I first touched a stove at around 9 or 10 years old in fourth grade Home Economics class.
We were doing our performance task for the term, and the class was divided into smaller groups, with each member bringing a specific ingredient we needed. If I remember correctly, we were making pineapple pancakes. The eggs I brought were mixed in with my group mates’ pancake mix concoction, the can of pineapple rings was pried open, our teacher had the pan ready, and it was my group’s turn to scoop the batter onto the piping-hot surface.
My mother is an avid baker, but, understandably, had always kept me away from the dangerous black appliance in our kitchen—the gas stove and oven. At times, I would be permitted to stir the mixture of eggs and flour and whatever else, but never to go anywhere near the oven, which explained the level of intimidation and anxiety I felt as I was tasked to flip the hot and flimsy disk that was the pancake.
Before that fateful day, my only “cooking” experiences were making cup noodles and toasting bread. It was a huge step from what I was used to, but it was also the very step that led me to venture on a journey with this newfound skill.
Binging and starving
It is worth noting that, at the time, I didn’t have the healthiest relationship with food. I switched back and forth with disordered eating habits—restricting, binging and starving, which made me extremely conscious of what I ate.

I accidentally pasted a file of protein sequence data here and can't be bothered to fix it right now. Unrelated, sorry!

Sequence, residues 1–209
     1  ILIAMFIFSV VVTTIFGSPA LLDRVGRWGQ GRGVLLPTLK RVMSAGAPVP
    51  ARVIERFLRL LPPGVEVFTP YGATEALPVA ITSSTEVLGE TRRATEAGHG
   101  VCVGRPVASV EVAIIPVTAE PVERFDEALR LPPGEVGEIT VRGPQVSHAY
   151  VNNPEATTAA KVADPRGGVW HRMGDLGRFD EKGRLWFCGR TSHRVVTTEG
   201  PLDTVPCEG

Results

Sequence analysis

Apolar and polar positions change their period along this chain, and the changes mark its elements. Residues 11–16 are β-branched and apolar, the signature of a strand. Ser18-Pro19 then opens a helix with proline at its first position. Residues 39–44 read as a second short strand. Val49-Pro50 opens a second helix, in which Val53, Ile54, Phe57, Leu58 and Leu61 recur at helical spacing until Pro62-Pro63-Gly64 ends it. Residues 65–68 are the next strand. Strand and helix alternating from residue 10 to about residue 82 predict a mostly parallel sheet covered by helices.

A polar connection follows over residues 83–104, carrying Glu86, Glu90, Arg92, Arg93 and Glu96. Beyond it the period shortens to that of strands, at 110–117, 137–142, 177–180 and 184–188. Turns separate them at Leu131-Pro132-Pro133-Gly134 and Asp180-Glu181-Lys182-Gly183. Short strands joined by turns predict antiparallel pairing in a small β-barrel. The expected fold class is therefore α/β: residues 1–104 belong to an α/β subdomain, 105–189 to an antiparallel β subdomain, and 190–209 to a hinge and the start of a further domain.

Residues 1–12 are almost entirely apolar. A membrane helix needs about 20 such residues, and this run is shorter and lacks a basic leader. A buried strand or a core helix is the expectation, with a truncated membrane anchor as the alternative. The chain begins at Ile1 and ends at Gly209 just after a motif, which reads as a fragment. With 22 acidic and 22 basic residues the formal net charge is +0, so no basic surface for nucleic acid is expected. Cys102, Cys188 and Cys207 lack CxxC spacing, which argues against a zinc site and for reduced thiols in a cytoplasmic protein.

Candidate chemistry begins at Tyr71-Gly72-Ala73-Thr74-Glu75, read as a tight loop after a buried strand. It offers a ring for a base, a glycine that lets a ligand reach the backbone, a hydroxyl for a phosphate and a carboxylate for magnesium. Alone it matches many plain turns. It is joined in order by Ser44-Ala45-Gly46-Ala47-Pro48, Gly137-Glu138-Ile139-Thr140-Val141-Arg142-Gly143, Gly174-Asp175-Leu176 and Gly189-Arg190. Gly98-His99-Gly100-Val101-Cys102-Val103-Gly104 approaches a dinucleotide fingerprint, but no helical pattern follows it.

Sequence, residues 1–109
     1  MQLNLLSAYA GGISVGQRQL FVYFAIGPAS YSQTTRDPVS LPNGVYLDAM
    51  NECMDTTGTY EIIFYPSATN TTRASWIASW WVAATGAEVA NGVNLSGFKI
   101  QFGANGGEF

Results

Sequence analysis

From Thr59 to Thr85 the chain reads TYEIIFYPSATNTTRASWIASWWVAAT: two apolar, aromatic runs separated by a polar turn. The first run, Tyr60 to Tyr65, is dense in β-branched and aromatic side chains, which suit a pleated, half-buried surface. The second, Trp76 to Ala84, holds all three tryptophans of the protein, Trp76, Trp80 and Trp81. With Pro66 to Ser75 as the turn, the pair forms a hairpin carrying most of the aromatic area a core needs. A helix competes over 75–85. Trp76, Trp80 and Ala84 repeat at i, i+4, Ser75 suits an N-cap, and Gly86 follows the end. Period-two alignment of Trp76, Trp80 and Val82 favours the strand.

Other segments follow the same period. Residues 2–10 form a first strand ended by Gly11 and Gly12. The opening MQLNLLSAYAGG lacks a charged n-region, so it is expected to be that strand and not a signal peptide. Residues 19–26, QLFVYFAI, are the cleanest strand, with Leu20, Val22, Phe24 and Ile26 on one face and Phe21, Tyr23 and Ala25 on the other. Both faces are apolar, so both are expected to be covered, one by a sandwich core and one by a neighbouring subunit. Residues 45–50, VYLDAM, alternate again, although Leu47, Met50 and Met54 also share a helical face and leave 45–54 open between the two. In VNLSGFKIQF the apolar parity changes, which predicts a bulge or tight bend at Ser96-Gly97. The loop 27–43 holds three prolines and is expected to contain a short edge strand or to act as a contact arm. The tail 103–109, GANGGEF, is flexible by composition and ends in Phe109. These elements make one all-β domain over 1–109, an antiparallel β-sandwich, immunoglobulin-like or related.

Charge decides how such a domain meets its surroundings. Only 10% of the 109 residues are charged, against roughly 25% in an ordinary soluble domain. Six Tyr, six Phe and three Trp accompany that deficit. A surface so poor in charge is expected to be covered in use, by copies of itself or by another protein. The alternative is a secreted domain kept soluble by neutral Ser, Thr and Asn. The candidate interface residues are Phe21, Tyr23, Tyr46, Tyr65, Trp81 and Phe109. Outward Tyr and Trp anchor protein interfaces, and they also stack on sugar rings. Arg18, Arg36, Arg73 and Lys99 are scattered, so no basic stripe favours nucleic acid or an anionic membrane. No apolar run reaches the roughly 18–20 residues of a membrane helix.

Over time, I started gaining confidence in my cooking skills, making noodles by the packet instead of by cup. Eggs weren’t intimidating anymore and neither was Spam. Perfectly cooked pancakes were no longer a rarity.
I fell in love with the process of making food, the intricacy, the experiments, how everything depended on what you wanted to taste that day. I was picking up new techniques and recipes online; “MasterChef” was always binge-watched.
One thing I hadn’t noticed before but can be so clearly seen in hindsight was that cooking regularly helped repair my strained relationship with eating. Understanding what was in the meals I was making exceedingly reduced the hesitance I had in consuming some dishes.
Aside from this, it also served as my way of showing my love and appreciation for others. I often cooked for my little brother: chicken nuggets, grilled cheese, sunny-side up eggs and noodles were often the way I showed my affection, and it was also how we would bond—with food in the middle of the night. I made my mother cupcakes for her birthday last year, and on my father’s birthday in March, I baked him a chocolate cake, the first I’ve ever made.
It is so remarkably difficult to overcome hindrances like eating disorders, and so if you are struggling, I truly hope you find your push to recovery soonest. —CONTRIBUTED
The author is an incoming Grade 9 student at De La Salle Zobel.